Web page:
“Image isn’t everything – desire is.” Or so said the advertisements of the day. But just saying so confirmed that, in fact, image was everything. The colors and styles that replaced school uniforms and drab clothing signaled to anyone walking within ten meters of someone else just who they were dealing with. New uniforms announced whether you were in the presence of local provincial royalty or just another unpredictable street thug. Clothes could also help avoid political misunderstandings in daily life. After all, it was obvious what a woman in a wooly beret stood for, or what views a street musician had.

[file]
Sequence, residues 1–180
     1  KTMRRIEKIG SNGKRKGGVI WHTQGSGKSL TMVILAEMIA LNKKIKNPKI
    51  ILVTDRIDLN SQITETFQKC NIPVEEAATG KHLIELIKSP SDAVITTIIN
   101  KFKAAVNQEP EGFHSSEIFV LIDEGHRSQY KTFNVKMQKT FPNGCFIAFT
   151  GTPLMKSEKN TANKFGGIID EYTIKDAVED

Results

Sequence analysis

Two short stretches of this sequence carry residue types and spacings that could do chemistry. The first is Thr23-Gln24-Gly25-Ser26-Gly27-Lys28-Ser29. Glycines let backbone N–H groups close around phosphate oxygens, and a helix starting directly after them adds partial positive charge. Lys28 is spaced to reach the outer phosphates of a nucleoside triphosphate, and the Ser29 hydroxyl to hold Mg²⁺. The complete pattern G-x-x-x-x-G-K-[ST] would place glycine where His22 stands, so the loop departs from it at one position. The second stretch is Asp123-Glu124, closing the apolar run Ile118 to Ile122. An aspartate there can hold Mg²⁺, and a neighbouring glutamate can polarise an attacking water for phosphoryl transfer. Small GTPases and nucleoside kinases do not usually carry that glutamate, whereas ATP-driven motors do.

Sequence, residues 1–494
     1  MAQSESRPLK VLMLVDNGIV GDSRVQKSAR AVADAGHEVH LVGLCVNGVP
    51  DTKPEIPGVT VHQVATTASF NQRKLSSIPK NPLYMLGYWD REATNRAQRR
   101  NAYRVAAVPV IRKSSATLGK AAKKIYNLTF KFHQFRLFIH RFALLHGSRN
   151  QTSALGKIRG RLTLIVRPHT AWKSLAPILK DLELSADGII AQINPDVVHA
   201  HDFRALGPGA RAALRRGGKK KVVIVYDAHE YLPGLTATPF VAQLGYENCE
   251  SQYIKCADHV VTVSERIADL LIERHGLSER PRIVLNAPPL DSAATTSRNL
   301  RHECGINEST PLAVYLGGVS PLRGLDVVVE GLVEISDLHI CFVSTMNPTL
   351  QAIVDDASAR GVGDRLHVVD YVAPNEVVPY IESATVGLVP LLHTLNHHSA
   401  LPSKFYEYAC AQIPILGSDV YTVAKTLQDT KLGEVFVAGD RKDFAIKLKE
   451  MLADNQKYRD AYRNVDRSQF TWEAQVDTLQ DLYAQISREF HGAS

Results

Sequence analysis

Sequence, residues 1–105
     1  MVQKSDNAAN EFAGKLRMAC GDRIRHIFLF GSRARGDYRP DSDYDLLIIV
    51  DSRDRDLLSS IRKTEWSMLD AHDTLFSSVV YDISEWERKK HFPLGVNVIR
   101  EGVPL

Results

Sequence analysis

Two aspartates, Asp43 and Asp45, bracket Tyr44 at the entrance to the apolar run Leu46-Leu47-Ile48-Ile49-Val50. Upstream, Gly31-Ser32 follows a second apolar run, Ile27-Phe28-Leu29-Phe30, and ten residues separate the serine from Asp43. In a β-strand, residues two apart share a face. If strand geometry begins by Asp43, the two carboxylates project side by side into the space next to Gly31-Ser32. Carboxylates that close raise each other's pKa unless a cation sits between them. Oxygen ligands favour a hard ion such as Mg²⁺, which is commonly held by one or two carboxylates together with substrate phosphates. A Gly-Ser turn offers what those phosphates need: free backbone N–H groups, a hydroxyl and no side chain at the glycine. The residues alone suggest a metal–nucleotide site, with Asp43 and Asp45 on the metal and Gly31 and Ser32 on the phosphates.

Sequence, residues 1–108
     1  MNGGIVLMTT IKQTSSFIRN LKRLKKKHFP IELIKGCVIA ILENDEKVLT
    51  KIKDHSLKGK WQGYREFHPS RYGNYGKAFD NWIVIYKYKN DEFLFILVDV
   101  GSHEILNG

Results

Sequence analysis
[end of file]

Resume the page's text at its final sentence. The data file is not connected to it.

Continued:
But applying labels is a risky business. Even today, it’s sometimes hard to imagine how members of one political party or even one family can have different views. It’s clear now that an apparently uniform society in the 1980s had only been concealing its differences. Come the 1990s, it began to show off those differences – through clothing, language and behavior – as one more expression of newfound freedom. Literature began to display different forms of slang, and films and plays also started to pay more attention to the origins of their characters. Much was revealed through words and clothing – quickly and plainly. Did it become easier to find our bearings because of that? Not entirely, because there was more and more of everything. But it did become more fun. And we started to smile.